Audi A6 Ultra review
The Audi A6 Ultra is one of the top company car choices on the executive car market
The Audi A6 has been facelifted since we crowned it 2014 Executive Car of the Year, but besides smart new lights and wheel designs, Audi has also squeezed yet more efficiency out of the 2.0-litre TDI engine. Best of all, the S-tronic automatic is now substantially more economical according to the official figures, which is great news for fleet buyers who can spec this car with the gearbox which suits its character best guilt-free.
Despite only being on sale for a year, Audi has revised the A6 Ultra because of the stiff competition it faces from the UK, Germany and Japan. The army of high-mpg, tax-friendly rivals it must beat includes the Lexus GS300h hybrid as well as diesel versions of the BMW 5 Series, Mercedes E-Class and Jaguar XF.
The A6 Ultra range includes saloon and Avant estate variants with an advanced 2.0-litre TDI diesel engine and a choice of dual-clutch S tronic automatic or manual gearboxes. The standard A6 trim levels are offered too and that means a further choice of SE, S line or Black Edition specifications. On the combined cycle, Audi claims the S-tronic saloon will acheive 67.3mpg and 109g/km, while the manual scores a marginally worse 65.7mpg. The Avant is not quite as green as the lighter saloon, but with best figures of 64.2mpg and 114g/km (62.8 and 118g/km for the manual) it's still a remarkably green big saloon.
Otherwise, the Audi A6 Ultra is largely unchanged from the standard A6 with a quality feel permeating the interior and a classily understated exterior look. It's not quite as sharp on the road as the rear-wheel-drive BMW 5 Series but Audi has managed to achieve its efficiency gains without significant drawbacks in terms of performance or driving experience. It's a neat trick that deserves to pay dividends in the sales charts.
With an elegant and appealing design, the A6 is an unassuming but classy saloon. Taut lines and smart design touches are matched to Audi’s trademark grille, which is larger in the facelifted car. Techy LED headlights with scrolling indicators are also now available as an option, but xenons with LED running lights are standard.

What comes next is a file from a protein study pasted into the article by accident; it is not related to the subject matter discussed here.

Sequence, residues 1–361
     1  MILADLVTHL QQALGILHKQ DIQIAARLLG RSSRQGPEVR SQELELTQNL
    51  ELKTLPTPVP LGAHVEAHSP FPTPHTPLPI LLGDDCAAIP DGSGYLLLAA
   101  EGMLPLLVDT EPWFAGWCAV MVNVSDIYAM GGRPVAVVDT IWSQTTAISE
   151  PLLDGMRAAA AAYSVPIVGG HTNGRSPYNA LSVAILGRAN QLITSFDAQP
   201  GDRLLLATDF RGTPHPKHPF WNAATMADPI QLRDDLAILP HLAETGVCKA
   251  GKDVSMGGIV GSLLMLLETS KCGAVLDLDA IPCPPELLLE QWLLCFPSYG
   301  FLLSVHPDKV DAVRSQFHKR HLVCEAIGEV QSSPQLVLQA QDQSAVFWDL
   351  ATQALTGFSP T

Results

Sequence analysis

While S line models get a mild bodykit, chrome-plated tailpipe, plus a platinum spoiler lip and diffuser insert. Standard sports suspension means it sits 20mm lower, too, which combined with 18-inch wheels gives it a purposeful stance.
Yet it’s the Audi’s interior that’s the real star of the show, as it borrows much of its style and quality from the brand’s flagship A8. The upmarket instruments blend with Audi’s intuitive MMI control system to create a cohesive driving environment that’s complemented by top-drawer switchgear and a perfect driving position. The MMI's processor trip has been upgraded in an Apple-style update for the facelifted car, so it should be even snappier to rattle through the menus.
In S line trim, the functional and comfortable cabin feels really upmarket thanks to standard leather upholstery, sat-nav, brushed aluminium inlays and dual-zone climate control.
Racey touches, like the perforated leather multifunction wheel and S line sill trims, give the eco-optimised Ultra a sporty edge, too.
Low emissions and frugal economy are one thing, but these days buyers demand cost benefits without having their driving experience compromised. Fortunately, the Ultra is nothing short of superb – it’s like a low-fat dinner that has so much flavour you’d never guess it’s actually good for you.